Our most intimate relationships are looked to by each partner as a primary source of happiness and self-actualization, measured in narrow terms of personal gratification. Am I getting what I need from this relationship? Does it make me happy? Do the benefits outweigh the costs? The assumption is that a relationship may last until death if it continues to fulfill each person, but to make a lifelong commitment at the beginning makes no sense. The cruel irony is that contemporary men and women view intimate relationships as essential to their personal identity, but they struggle to commit themselves fully to those same relationships. We can only find genuine personal meaning by making strong commitments beyond ourselves. Because relationships are no longer seen from a transcendent perspective, they are divorced from any greater purpose than one’s own happiness and intimacy.

Tragically, Grant’s analysis is spot-on. This is how our kids are learning to live and “love.” This is how our kids. . . unless corrected. . . are going to live and “love.”

One of the most fascinating bits of information communicated by Grant in <em>Divine Sex</em> is some insight into the nature of romantic love as described by anthropologist Helen Fisher, who has observed that romantic love has been an essential part of every civilization we know of. Could it be that romantic love. . . understood and practiced properly. . . reflects the shalom of God’s created order before the fall? Certainly. Genesis speaks clearly to that reality. Because of that, Fisher’s insights are extremely helpful. Fisher says that there are three distinct stages of attachment in intimate relationships that can be tracked through neuroscience and brain scans. When understood within the context of the biblical order and design for love, sex, and marriage, Fisher’s stages are helpful and something we need to explain to our kids.

First, there is the obsession of early romantic love. Remember that? I sure do! This stage is one of infatuation. When people in this stage underwent brain scans, it was discovered that falling for someone impacts the same brain centers as cocaine, and with similar intensity. This stage has a short life span. Sadly, when we equate infatuation with love, we set ourselves up for disappointment and then “fall out of love” very quickly.

Second, there is the stage of sexual intimacy. While the cultural script encourages us to indulge our sexuality without borders and boundaries, the biblical script calls us to indulge our sexuality within the context of the covenant of marriage. It makes sense then, that God gave us the gift of sex to create and strengthen the “spiritual-emotional attachment” and the strong physiological attachment that also occurs. Fisher says that this is why we need to understand that there is no such thing as “casual sex.” Two become one flesh. . . just as God intended.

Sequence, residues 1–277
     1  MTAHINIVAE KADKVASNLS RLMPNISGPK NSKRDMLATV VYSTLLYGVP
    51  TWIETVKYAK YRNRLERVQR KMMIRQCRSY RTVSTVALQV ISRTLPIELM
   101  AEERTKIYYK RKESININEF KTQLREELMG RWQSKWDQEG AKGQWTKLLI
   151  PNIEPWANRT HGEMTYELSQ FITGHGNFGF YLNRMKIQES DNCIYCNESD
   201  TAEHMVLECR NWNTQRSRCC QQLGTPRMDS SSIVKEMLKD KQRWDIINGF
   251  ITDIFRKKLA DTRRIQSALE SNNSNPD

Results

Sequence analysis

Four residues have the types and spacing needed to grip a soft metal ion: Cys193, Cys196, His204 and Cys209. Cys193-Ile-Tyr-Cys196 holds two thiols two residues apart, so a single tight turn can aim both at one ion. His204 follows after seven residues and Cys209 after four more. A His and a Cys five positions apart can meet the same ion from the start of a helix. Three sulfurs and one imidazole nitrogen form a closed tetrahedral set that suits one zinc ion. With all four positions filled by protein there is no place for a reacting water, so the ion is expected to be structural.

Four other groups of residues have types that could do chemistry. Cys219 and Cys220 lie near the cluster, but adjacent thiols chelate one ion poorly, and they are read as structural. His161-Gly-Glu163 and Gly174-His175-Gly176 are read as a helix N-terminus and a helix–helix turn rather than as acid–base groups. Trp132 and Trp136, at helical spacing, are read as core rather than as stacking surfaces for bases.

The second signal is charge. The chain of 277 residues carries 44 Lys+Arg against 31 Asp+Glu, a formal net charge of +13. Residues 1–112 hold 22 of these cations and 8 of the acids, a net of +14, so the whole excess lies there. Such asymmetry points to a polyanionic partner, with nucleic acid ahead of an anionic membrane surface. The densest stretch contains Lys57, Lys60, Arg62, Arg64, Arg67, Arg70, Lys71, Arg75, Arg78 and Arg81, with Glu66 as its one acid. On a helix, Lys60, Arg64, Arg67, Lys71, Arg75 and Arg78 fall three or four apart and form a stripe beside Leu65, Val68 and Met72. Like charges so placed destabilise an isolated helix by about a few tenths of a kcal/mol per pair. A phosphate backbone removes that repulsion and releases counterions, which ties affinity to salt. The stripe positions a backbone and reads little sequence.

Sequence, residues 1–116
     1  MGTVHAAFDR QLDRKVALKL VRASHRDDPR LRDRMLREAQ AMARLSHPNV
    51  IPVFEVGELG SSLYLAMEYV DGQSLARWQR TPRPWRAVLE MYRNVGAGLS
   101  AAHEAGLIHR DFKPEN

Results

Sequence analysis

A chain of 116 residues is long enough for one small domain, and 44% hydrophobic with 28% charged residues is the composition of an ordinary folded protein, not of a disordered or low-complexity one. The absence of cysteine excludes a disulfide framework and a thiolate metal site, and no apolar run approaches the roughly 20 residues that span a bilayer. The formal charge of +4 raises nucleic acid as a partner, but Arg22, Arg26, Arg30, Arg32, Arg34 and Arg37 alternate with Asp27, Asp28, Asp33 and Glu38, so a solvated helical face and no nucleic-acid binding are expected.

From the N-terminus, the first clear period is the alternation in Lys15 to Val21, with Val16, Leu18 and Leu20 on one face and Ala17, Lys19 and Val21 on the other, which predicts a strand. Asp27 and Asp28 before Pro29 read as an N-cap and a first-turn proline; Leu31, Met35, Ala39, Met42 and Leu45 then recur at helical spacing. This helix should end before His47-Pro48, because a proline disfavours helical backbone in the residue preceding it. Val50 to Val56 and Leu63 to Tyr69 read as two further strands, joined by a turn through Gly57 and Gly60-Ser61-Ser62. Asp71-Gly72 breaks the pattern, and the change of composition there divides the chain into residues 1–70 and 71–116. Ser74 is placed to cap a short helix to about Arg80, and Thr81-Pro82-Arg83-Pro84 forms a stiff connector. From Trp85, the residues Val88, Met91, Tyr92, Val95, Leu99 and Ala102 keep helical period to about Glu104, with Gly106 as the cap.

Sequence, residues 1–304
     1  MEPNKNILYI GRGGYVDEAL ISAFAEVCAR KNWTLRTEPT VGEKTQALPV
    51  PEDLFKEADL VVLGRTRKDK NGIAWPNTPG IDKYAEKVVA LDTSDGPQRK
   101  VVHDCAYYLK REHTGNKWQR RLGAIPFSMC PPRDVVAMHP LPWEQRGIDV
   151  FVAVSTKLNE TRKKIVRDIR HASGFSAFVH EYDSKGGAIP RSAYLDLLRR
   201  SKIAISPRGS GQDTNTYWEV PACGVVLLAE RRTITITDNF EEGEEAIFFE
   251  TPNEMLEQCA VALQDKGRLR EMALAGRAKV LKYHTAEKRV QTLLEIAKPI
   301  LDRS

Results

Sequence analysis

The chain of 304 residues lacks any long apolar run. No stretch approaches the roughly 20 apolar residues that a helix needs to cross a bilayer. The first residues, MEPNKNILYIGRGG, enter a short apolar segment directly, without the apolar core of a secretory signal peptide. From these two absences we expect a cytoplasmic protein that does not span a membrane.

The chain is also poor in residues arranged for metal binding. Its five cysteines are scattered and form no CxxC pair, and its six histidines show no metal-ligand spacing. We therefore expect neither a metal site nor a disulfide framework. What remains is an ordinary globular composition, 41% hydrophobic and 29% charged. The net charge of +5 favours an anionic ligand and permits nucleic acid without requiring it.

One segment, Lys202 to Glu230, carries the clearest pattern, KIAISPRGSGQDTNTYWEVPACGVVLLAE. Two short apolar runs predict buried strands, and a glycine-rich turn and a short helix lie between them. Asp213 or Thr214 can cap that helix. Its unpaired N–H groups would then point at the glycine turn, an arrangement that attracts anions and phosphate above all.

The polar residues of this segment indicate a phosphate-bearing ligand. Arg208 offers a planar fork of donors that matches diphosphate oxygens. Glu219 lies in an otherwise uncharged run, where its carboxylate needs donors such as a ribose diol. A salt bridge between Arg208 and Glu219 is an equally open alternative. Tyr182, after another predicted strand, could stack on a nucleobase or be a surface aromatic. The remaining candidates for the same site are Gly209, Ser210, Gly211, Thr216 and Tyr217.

Finally, there is the stage of deep emotional attachment. Fisher describes this as the deep sense of peace, warmth, and security we can feel with our spouse.

If we mistakenly believe that Stage 1 is what it’s all about, we are only setting ourselves up for failure and disappointment. . . over and over and over again. Sadly, we see that happening all around us. But for the couples in the “Little Romance” video and scores of others like them, their unwavering commitment (even in the face of the difficulties that are sure to come when two broken people commit themselves to one another) is the glue that cements them together for life. And with commitment present, they are able to grow in their love by God’s grace, realizing that when things might start to break, they work to fix their marriage rather than throw it out.

The question for all of us and our kids is one that Grant asks: How do we envision practices and habits that help to foster fidelity rather than enslavement to the recurring cycle of infatuation?

We can start by knowing the cultural narrative on love, sex, and marriage. Then, we can offer the liberating corrective given to us in the Scriptures. That’s what’s needed to teach ourselves and our kids to love well to the glory of the One who loves us and has given us the gift of love.

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Framing Love, Sex, and Marriage. . .

Later today, I’ll be doing something in a more organized and formal manner for the first time. Up to this points, my discussions on this particular issue have come in personal conversations or in response to on-the-spot questions during seminars. Today, I’ll be prepared thoughts to a group of youth workers on the topic of youth ministry and same-sex attraction. I’ve been asked specifically to do this because they know that for the last three years I’ve been concentrating the bulk of my reading and study on the topic. . . trying to learn as much as I can about cultural beliefs, clinical realities, and Scriptural guidelines. I’ve read across the spectrum of viewpoints in an effort to be open and fair. And naturally, all these endeavors have extended far beyond the parameters of the issue of same-sex attraction to the larger issues of love, sex, and marriage. The journey of listening and learning is not over for me by any stretch of the imagination. It continues. (Got some funny looks on the airplane yesterday as I was reading Jonathan Grant’s book, Divine Sex!)

For me, my conscious first memories of engaging in the simplest of ways with the topic of love began in Kindergarten. Every year when I was in elementary school, I would spend the evening of February 13 punching out two-dozen Valentine’s Day cards from perforated sheets, signing them with my name, and stuffing them in envelopes. . . each one addressed to a different member of my class. Back then, we used those little dime-store cards to send the same message to everyone. . . male and female as I remember it. . . “Will you be my Valentine?”